Election '97: Around the regions: Personality key to Isles' clash

While election battles over sleaze and policy changes rage in the rest of Britain, or at least that part of it represented in the national media, Shetland has been mercifully free of indignant Tory wives and headless chickens. In this, as in so many other things, it is not like the rest of the country.

A majority of just over 5,000 would not usually be considered a safe one. But in Britain's most northerly constituency, Orkney and Shetland, it is different.

In 1992, with an electorate of just under 32,000, such a majority meant Liberal Democrat MP Jim Wallace romped home with a robust 24 per cent lead.

The Conservatives and Labour came in second and third with 22 and 20 per cent of the vote. The SNP mustered just 11 per cent. It was no surprise. The islands have been a Liberal Democrat stronghold since 1950.

Despite their geographical proximity, Orkney and Shetland are quite different. Orkney is green, flat and agricultural. Shetland, although made rich by the oil boom, is built on fishing, and the Shetland Times' letters pages have seen furious exchanges on the question of withdrawal from the Common Fisheries Policy over the past months.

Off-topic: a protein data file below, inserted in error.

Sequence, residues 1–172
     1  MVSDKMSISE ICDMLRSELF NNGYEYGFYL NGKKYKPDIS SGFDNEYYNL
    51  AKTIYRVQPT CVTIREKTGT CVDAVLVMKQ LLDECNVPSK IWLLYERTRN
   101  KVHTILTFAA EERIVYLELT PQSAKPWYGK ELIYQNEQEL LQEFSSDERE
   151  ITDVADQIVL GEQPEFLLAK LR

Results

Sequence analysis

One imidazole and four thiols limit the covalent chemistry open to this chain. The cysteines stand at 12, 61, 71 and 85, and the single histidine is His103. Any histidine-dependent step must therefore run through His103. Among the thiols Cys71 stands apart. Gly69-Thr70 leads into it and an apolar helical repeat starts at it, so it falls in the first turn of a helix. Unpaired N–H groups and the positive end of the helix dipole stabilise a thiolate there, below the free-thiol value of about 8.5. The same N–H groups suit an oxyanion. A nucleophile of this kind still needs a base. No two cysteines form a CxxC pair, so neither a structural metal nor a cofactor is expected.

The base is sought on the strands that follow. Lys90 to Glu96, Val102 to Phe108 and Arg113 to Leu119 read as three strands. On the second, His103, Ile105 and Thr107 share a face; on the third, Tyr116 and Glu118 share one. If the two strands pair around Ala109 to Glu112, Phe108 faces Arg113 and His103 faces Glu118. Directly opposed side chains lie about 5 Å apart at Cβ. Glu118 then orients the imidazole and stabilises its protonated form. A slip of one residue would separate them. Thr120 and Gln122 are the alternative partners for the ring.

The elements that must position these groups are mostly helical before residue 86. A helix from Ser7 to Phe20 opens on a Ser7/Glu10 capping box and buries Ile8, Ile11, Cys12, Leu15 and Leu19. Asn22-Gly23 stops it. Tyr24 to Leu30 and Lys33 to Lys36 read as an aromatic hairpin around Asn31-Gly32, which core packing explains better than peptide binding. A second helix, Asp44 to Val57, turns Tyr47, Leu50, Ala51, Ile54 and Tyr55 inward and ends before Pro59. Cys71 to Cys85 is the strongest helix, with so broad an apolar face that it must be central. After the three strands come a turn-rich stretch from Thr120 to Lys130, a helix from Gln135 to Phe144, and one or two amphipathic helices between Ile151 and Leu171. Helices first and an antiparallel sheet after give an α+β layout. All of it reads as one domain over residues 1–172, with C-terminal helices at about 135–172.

Stealing the political headlines so far has been the Rock the Vote campaign, quick off the mark in trying to get young people to use their influence.

Other issues which matter to Shetlanders range from health and education to transport, which has burgeoned in importance over the past year.

Many islanders have been alarmed by what they see as a steady erosion of air transport to and from the isles. Twelve months ago, three companies ran services to the islands. Now there is just one, which is the subject of complaints about delays and high prices.

Indeed, Conservative candidate Hope Anderson found he could only get a round trip from Orkney to Shetland at the time he wanted by going via Aberdeen and paying a hefty pounds 305 for the privilege.

Other candidates are James Paton for Labour, Willie Ross for the SNP and Christian Wharton for the Natural Law Party. And last week Francis Adamson unexpectedly confirmed he would stand for the Referendum Party.

Many Shetlanders vote on personality rather than policies, and seem to feel that Mr Wallace has earned his spurs as a hardworking constituency MP through the oil boom years, the Orkney child abuse case and the Braer oil spill.

Believing Shetland is special, they want an MP who can represent the islands effectively. "Better the devil you know" seems to be the feeling.

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